Motorcycle-hailing operators in Nigeria’s biggest city may pay up to $503,000 annually to operate

by | Nov 23, 2019

In Lagos, the state government and transport unions have reached an agreement with motorcycle-hailing operators.

Under the new agreement, the operators will pay a daily fee of ₦500 ($1.38) per bike by buying tickets. This fee comprises ₦400 ($1.10) to the unions and ₦100 ($0.28) to designated local government areas in the state.

And the transport unions also seem to have won as they will reportedly be in charge of selling these tickets.

This also seems to bring to an end the protracted negotiation battles on regulations between these entities.

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Suggested Read: In the throes of regulatory uphill battles, will Nigerian motorcycle-on-demand startups survive Lagos?


As much as it is a resolution to a matter that was drawn out longer than necessary, the motorcycle-hailing startups still seem to have gotten the short end of the stick.


Suggested Read: For Nigerian motorcycle-hailing startups, government seems to have abdicated regulatory responsibility


The new agreement means a startup might pay as much as ₦182 million ($503,000) per 1,000 bikes every year or even more. This is the ₦500 ($1.38) fee multiplied by 1,000 bikes and 365 days in a year.

Compared to the ₦25 million ($69,000) for a thousand bikes licensing fee previously being contemplated by the government, this is a 728% increase.

Even though they expand to other states, the legendary traffic situation, overpopulation, and an upwardly mobile population have made Lagos the choice destination for these startups.

Considering that most of these startups are still VC-funded and most likely not yet profitable, this may also signal the beginning of trying times for them.

Where will these costs be taken from?

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The startups will most likely spread the new costs across their riders and potential users by increasing fare rates.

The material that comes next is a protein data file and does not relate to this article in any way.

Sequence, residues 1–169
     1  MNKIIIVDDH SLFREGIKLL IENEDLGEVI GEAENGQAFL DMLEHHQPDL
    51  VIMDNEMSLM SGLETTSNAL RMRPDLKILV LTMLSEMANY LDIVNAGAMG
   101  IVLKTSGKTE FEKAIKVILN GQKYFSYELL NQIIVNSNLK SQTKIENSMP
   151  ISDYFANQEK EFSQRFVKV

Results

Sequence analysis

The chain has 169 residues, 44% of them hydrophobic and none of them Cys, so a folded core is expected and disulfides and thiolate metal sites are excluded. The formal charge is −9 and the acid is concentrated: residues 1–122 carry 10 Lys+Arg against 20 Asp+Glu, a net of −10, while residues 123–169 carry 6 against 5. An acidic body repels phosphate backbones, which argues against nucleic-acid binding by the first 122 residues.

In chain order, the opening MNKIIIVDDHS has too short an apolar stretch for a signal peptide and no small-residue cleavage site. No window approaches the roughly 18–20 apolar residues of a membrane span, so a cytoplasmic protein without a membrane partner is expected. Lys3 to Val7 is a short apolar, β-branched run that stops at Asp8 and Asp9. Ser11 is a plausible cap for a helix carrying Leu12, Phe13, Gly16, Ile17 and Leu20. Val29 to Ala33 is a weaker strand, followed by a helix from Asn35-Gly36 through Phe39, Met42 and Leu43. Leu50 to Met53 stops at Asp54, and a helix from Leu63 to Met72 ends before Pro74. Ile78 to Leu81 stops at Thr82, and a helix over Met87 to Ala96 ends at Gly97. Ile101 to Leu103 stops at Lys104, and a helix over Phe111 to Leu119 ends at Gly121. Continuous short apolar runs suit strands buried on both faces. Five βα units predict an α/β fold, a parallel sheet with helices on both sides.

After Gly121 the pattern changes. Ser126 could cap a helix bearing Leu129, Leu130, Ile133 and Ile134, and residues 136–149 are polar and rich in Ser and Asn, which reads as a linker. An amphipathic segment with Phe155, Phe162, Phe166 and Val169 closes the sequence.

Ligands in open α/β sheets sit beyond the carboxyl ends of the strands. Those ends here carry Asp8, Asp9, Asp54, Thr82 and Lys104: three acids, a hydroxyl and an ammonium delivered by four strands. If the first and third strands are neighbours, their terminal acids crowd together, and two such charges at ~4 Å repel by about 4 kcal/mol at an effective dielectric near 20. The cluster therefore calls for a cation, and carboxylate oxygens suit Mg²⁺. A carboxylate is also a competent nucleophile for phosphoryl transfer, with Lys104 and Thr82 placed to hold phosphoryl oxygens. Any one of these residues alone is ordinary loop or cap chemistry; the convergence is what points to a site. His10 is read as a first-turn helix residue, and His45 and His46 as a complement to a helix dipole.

Gokada CEO, Fahim Saleh, said they are trying to manage the situation efficiently.

“Our drivers will most likely bear the cost, but we will try to subsidise the cost for them. We may also need to explore increasing fares to account for the ticketing but [we] have not yet decided on the matter,” he said.

OPay did not directly respond to requests for comments on this development. It, however, addressed another issue.

Earlier in the week, pictures on social media showed representatives of OPay in a meeting with the Lagos State chairman of the National Union of Road Transport Workers (NURTW), Musiliu Akinsanya, popularly known as MC Oluomo.

IMG 20191123 082102

From left to right, representative of Chinese tricycle manufacturer, SONLINK; NURTW Chairman, Musiliu Akinsanya; OPay country manager, Iniabasi Akpan.

The NURTW has been very instrumental to the negotiations so speculations were rife that OPay was trying to cut an individual deal for its ORide.

However, the company claims it was signing an agreement for its tricycle-hailing sister company, OTrike.

According to senior director of operations at ORide, Ridwan Olalere,

“What can be confirmed is that OPay has gone into a partnership with the NURTW, as it launches its tricycle-hailing service, OTrike, in Lagos. An agreement concerning this was signed just this week,” Olalere said in an email.

Details of the deal or what it entailed were not revealed.

The company is most likely protecting the future operations of its sister, OTrike, to prevent future occurrences of the government-union debacle.

Or as SONLINK is involved, simply signing a vehicles acquisition deal. It can be doing both.

These are indeed trying times for motorcycle-hailing startups in the state and hopeful new entrants.

It would be recalled that PalmPay recently raised $40 million and reports say it plans to build an OPay-styled super app that will include motorcycle-hailing services.


Suggested Read: TECNO parent company, Transsion Holdings enters African mobile payments with PalmPay


This regulation storm will hit PalmPay and OPay less as they will both have other services to take off the sting.

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